Horizon Mirage Layers explained

With the newest release of Horizon Mirage everyone is talking about layers, base images, application layering and so one. If you never have worked with Mirage or another layering technology before you may have seen something like this in the past:

OldLayers

With this layer cake vendors explain and show the benefits of virtualization. Virtualization, as everybody should know by now, is a technique to abstract the logic from the physical ressource. Well-known examples are:

  • You can abstract the operating system from the physical hardware by using virtual machines (e.g. VMware ESXi).
  • You can abstract applications from the operating system by using application virtualization (e.g. VMware ThinApp).
  • You can abstract the user profile from the application and operating system by using user virtualization (e.g. AppSense Environment Mananger)

When using a virtualization product you not just simply abstract the logic but you put something between the logic and the physical ressource to get the abstraction done, products like ESXi or ThinApp for example. At the beginning of the virtualization boom every product had major limitations but today virtualization technologies got mature and most of the limitations are gone. Still there are some types of virtualization which got some limitations, for example you can’t virtualize drivers with any application virtualization products or the big penalties you have to pay in terms of hardware compatibility, performance and end user experience when it comes type-1 client hypervisors.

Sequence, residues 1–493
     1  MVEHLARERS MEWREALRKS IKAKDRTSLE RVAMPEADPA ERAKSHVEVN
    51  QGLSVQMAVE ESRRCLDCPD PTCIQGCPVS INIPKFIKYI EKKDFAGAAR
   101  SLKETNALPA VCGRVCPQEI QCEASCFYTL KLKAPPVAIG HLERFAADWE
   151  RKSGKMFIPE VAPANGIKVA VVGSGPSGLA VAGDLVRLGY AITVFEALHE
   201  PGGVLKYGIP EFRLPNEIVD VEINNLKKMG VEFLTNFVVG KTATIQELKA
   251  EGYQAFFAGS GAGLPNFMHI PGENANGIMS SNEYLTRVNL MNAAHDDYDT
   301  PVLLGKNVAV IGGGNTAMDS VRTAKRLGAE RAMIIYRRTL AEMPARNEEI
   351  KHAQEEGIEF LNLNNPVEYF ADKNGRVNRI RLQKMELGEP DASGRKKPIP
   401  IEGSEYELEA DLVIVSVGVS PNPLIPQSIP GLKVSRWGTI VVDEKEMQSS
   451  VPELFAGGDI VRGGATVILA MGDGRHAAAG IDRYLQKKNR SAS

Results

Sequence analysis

Horizon Mirage doesn’t use any virtualization product to abstract the logic from the physic, but we still abstract the logic. With Mirage the layers look something like this:

MirageLayersDetailedTo abstract all these layers from each other Mirage uses some clever engineering work. Simply put Mirage takes all the files, registry keys and drivers and puts them in the right layer. Of course this is done differently for each type of layer. The following list describes how this is done for each layer:

  • Driver layer
    For the driver layer the administrator has to import the drivers he wants to deploy manually. Download the driver package from vendor, extract it and import it into the management console. Drivers then can be combined to driver profiles. So for example you could import all drivers you need for your Dell E6500 laptop and then create a driver profile called “Dell E6500” which contains all the drivers you need for this laptop. Drivers then can be assigned to your managed computers based on a variety of matching rules, for example operating system, hardware vendor and model.
  • Base layer
    A base layer is created by installing the Mirage client on a reference machine and then centralizing this machine. A reference machine is a computer installed with an operating system you want to manage and it also contains your core configuration, infrastructure software (e.g. anti virus) and core apps. When you have configured your reference machine with all the software and settings as needed you can create a new base layer. By default the entire content of the reference machine is saved in a base layer. This however can be modified to exclude specific subsets of content.  Also there are some factory rules applied. The base layer is the first thing deployed to a client machine if its completely managed by Mirage.